She called me right afterwards and said “Vanessa, the minute I said ‘no’ it was a like a weight was lifted from my body. I felt so expansive, and open, and happy again.”
Your body really does have tremendous wisdom inside of it. If you start to tune into your own inner signals, you’ll get important information about what to say ‘yes’ to and what to say ‘no’ to.
3. Give yourself permission.
Recognize that it’s normal to be worried about someone not liking you if you refuse a request. Feeling guilty or afraid that people will not trust you or value your opinion is also normal. Many times these are the reasons we keep saying yes, even when we’re exhausted and don’t have the time. Some of these fears and beliefs won’t go away overnight, but you can choose a new outcome by saying ‘no’, even though it feels scary and starting to make space for what you want to come in.
Give yourself permission to feel the fear of the guilt and do it anyway.
I recommend writing yourself a ‘permission slip’ sort of like what you used to get back in school to go on a field trip only this one will say “I give Elia permission to not make everyone happy.” Or “I give Vanessa permission to rest.’ Or ‘I give Vanessa permission to say ‘no’ and get her needs met.’ It sounds really silly to write yourself a permission slip, but it actually really helps you shift something inside psychologically so you can try that for yourself as a tool if you want.
4. Don’t apologize.
You did nothing wrong. There’s no need to say, “I’m sorry,” when you’re setting a boundary. Instead, I recommend you start with appreciation for the person you’re talking to and then end with your “no.” For example, “I appreciate you for reaching out and can see that it’s important to you to find support as you build this business; however, I won’t be able to get together in person at this time.”
5. Be short and confident in your in your boundary setting.
If you wobble, people will sense it and push back to try to change your mind. People actually respond to your guilt. You want to be clear, concise, and confident when saying ‘no’. For example, “I’m not going to be able to meet you for coffee this week; thank you for the invitation.” You don’t need to explain why you’re saying ‘no’. You don’t need to elaborate.
Too often, we trap ourselves by over-explaining and then we end up back peddling on our boundary or leaving the door open. I know I’ve done that, like Oh I can’t make it work, but maybe next week! I throw that in at the las minute and then go Why did I do that?!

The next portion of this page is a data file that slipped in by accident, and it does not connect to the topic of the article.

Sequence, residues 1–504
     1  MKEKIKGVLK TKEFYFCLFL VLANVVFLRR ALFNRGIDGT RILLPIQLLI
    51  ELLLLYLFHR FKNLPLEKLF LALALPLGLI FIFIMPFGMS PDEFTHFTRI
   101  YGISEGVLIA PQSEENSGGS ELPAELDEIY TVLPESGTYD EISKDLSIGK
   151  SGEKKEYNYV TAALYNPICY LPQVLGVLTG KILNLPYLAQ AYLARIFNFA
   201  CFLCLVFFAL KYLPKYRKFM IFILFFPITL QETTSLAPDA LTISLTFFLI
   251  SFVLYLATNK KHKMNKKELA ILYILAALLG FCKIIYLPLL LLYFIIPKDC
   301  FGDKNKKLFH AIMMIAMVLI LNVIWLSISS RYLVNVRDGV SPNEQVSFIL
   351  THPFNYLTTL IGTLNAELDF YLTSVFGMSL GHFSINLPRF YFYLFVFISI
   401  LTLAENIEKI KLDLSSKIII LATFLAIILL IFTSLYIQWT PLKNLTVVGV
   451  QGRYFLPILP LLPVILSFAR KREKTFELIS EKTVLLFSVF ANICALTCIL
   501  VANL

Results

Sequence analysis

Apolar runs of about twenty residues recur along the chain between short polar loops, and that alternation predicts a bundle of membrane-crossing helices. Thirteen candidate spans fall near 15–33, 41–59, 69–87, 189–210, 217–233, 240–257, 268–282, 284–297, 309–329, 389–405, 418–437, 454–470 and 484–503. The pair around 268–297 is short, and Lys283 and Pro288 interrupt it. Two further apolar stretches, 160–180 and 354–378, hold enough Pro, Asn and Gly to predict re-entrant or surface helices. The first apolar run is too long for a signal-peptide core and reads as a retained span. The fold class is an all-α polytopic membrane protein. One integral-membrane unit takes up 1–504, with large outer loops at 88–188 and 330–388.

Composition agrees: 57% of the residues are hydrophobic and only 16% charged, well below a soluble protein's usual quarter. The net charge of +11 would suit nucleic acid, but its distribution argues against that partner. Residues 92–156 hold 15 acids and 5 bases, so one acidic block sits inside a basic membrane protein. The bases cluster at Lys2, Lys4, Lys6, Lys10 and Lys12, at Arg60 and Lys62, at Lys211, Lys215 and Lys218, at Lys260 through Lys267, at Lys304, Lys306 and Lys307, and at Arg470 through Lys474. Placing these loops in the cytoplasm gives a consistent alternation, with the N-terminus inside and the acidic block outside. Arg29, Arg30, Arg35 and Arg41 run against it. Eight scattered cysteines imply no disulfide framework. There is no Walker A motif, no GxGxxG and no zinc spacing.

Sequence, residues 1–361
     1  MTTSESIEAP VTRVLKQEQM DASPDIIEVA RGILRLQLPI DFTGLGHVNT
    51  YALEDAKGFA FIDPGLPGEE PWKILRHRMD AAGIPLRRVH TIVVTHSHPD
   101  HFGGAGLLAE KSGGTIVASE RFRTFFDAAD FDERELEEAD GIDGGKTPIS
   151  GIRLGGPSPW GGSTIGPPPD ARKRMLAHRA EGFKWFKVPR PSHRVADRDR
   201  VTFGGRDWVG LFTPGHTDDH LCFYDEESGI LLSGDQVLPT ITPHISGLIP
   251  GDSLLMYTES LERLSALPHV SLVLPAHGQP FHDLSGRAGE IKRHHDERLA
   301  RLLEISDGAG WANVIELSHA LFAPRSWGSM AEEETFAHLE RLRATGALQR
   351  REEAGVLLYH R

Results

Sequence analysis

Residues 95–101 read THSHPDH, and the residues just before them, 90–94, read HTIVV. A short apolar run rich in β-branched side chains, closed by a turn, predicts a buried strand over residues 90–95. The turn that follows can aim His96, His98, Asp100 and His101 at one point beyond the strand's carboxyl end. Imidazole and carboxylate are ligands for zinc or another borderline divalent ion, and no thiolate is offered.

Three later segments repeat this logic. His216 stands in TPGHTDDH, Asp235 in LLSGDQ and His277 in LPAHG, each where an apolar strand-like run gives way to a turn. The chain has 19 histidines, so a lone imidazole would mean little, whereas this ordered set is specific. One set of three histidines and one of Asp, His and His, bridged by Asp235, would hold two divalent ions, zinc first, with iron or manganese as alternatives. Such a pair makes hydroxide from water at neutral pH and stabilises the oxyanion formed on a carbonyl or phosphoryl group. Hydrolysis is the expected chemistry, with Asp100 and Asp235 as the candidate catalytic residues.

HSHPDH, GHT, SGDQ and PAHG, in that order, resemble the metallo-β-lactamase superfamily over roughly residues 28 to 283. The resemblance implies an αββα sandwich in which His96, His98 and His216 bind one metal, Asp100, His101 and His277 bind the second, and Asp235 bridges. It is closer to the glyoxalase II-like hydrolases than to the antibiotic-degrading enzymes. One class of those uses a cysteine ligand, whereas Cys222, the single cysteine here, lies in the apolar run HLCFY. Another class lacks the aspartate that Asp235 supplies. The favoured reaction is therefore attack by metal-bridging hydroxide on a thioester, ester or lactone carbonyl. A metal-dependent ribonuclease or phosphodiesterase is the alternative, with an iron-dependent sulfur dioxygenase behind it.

Try saying: “Something came up, I won’t be able to make it [full stop].”
Rather than: “Oh, I’m so sorry — I have another thing that day, and it probably won’t end in time, but maybe it it wraps up early then maybe I can still make it…..” That’s leaving the backdoor open for them to come back at you with more requests. You want to be clear and confidant in your ‘no’.
6. Start a NO Club.
Peer support is incredibly powerful. You can get together with a group of friends and discuss what everyone wished they’d said ‘no’ to in the last month. Then ask the group to hold each other accountable in situations going forward. Check in at least once a month, or perhaps every week in the beginning, like What did you say ‘no’ to this week? Here’s what I said ‘no’ to!
It really does help you build that confidence to say ‘no’ when you have people cheering you on in your ‘no’.
7. Focus on your YES.
It’s a lot easier to say ‘no’ when you have a clear picture of what you want to say ‘yes’ to instead. For example, if you’re invited to an event over the weekend that you feel like you should attend, but you’d rather stay home, take a bath, and read your favorite book, picture what you’ll be doing as you go to tell the person ‘no’ and it’ll make it stronger and easier for you to say ‘no’.
Those are some of my tips for how to say ‘no’ without feeling guilty. I have a cheat sheet with some expressions and guidance on how to turn down people’s requests linked here.